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Soil-site productivity indices and tree growth in loblolly pine (Pinus taeda L.) plantations [electronic resource] /

by Sartori, Fabio

Abstract (Summary)
This research investigates soil variables relevant to growth in loblolly pine (Pinus taeda L.) plantations in the Piedmont of Georgia, USA. Under conditions of complete competing vegetation control, soil-site productivity relationships were investigated to test whether nitrogen (N) availability indexes and descriptive soil-site variables were correlated to stand growth. In addition, relationships between soil N availability and the soil organic matter light fraction (LF) were investigated. I hypothesized that: 1) under simplified forest conditions due to complete competition control, indices of soil available N will be strong predictors of pine growth and 2) indices of soil available N will be positively correlated to the amount of LF in the soil. In plots on Udults, and Udifluvents that received herbicide (H) and herbicide plus fertilization (HF) treatment resin extractable N, and potentially mineralizable N in long-term laboratory incubations were estimated. Resin extractable and laboratory estimates of N mineralization were correlated to stand growth and to the quantity of LF. In addition, plots(N=66) under experimental treatment combinations of Control (C), Fertilization (F), H, and HFwere evaluated for changes in soil nutrients and carbon. Resin extractable N was found well correlated (R²=0.7) to mean annual increment (MAI) for 13 out of 17 sampling dates. Based on four sampling dates, resin core estimates of N availability were also significantly correlated (R²=0.5) to the corresponding laboratory estimates of soil potentially mineralizable N. Another significant relationship was found between the LFpool and resin core estimates of N mineralization (r=0.63, n=25). Finally, the factorial analysis indicates that H, F, and HF treatments can alter the quantity of nutrients other than N with a clear effect of H treatments on soil carbon and exchange capacity. On a regional scale, when controlling for understory competing vegetation on N limited soils, it is possible to improve on soil-site productivity relationships. The significant correlation between soil potentially mineralizable nitrogen and resin core estimates of N availability suggests that both techniques are valuable tools for the prediction of growth on N limited soils and that the LF is an important variable affecting N availability.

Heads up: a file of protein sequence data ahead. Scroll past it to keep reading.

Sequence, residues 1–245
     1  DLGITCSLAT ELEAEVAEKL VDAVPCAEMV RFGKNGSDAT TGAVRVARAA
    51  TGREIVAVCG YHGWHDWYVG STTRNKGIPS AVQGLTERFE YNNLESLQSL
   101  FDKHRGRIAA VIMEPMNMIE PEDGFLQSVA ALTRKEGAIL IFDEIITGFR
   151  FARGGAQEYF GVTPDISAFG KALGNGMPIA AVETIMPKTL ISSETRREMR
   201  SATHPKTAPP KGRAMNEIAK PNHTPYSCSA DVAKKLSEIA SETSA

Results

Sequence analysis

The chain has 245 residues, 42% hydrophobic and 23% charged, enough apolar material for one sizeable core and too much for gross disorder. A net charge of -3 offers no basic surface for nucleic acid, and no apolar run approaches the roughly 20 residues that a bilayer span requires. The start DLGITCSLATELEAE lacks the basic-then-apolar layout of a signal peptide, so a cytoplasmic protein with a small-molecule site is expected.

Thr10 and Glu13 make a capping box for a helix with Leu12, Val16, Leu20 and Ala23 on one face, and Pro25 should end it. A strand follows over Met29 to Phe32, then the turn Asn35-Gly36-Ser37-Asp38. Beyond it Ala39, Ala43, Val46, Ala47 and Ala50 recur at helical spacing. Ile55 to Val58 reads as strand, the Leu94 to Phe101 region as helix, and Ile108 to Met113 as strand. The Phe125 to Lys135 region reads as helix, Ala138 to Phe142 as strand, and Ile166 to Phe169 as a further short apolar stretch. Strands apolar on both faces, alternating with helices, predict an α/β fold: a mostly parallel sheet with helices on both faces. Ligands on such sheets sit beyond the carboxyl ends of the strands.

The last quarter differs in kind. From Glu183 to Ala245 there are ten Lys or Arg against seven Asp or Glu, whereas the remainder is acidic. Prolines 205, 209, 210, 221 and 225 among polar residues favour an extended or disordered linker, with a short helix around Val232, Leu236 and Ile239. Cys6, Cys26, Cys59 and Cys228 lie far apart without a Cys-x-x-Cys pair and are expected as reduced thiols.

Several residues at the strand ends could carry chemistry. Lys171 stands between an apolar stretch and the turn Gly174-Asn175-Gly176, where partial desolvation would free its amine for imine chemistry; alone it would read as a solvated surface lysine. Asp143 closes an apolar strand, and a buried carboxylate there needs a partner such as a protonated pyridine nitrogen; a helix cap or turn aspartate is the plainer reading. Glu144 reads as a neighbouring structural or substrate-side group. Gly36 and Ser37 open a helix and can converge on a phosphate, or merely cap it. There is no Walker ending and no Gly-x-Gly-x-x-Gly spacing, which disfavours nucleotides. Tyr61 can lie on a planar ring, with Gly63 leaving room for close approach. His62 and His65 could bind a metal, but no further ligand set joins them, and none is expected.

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School:The University of Georgia

School Location:USA - Georgia

Source Type:Master's Thesis

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